Durban - Former Sars officials, Ivan Pillay and Johann van Loggerenberg, have welcomed the ruling by the Press Ombudsman that ordered the Sunday Times to retract and apologise for an article published in 2014 on a Sars "rogue spy unit".
Pillay and Van Loggerenberg were suspended from Sars pending investigations into the allegations of a "rogue unit", but later resigned. On Sunday, former Sars commissioner, Pravin Gordhan, was reappointed to the position of the country’s finance minister, a position he held after his term at the tax authority.
In a statement, the pair said the paper had been "advancing a tenacious campaign" that tarnished the reputation of Sars, their reputations as former Sars officials, and even the reputation of Gordhan.
"We argued that such reportage - including the serious allegations that we established and operated an illegal 'rogue unit' that spied on taxpayers, broke into President Jacob Zuma’s home and planted listening devices, and operated a 'brothel' - was manifestly untrue and was driven by malicious intent," it read.
Locked into a particular narrative
"In certain cases, the Sunday Times relied on unsubstantiated and untested internal documents from within Sars. Instead of seeking substantiation of these allegations, the Sunday Times opted to report on them verbatim.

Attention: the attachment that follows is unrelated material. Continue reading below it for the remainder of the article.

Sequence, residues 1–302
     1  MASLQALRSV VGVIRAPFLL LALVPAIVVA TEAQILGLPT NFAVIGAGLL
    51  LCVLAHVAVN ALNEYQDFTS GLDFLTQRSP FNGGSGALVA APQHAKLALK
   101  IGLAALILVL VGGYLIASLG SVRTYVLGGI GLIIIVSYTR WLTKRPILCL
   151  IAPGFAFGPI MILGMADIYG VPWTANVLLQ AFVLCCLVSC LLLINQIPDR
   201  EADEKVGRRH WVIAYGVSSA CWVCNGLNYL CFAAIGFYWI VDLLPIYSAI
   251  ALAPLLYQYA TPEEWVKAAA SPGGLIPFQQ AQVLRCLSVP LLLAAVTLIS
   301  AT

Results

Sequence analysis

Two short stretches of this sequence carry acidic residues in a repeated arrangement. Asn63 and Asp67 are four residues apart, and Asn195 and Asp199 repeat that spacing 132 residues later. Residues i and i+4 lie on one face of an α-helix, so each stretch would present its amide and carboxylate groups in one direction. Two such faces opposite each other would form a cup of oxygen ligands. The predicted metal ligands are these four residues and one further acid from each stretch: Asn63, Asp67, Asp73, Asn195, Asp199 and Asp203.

"It is clear, when having regard to the entire series of articles since August 2014, that the Sunday Times locked themselves into a particular narrative that was advanced to them and that the newspaper was unwilling to consider anything contrary to this."
The two said they were in the process of lodging further complaints against the Sunday Times for articles published in December of this year.
The Sunday Times was found to be in breach of the Press Code and the Ombudsman’s ruling ordered the paper to retract all stories about its Sars "rogue unit saga" and to publicly apologise, in writing, to the three men they had implicated.
Earlier this month, an explosive affidavit was presented before the Ombudsman by former Sunday Times journalist Pearlie Joubert, who claimed she had resigned from the newspaper in February because she was "not willing to be party to practices at the Sunday Times which I verily believed to have been unethical and immoral".
The parties involved now have seven days to appeal the Ombudsman’s ruling.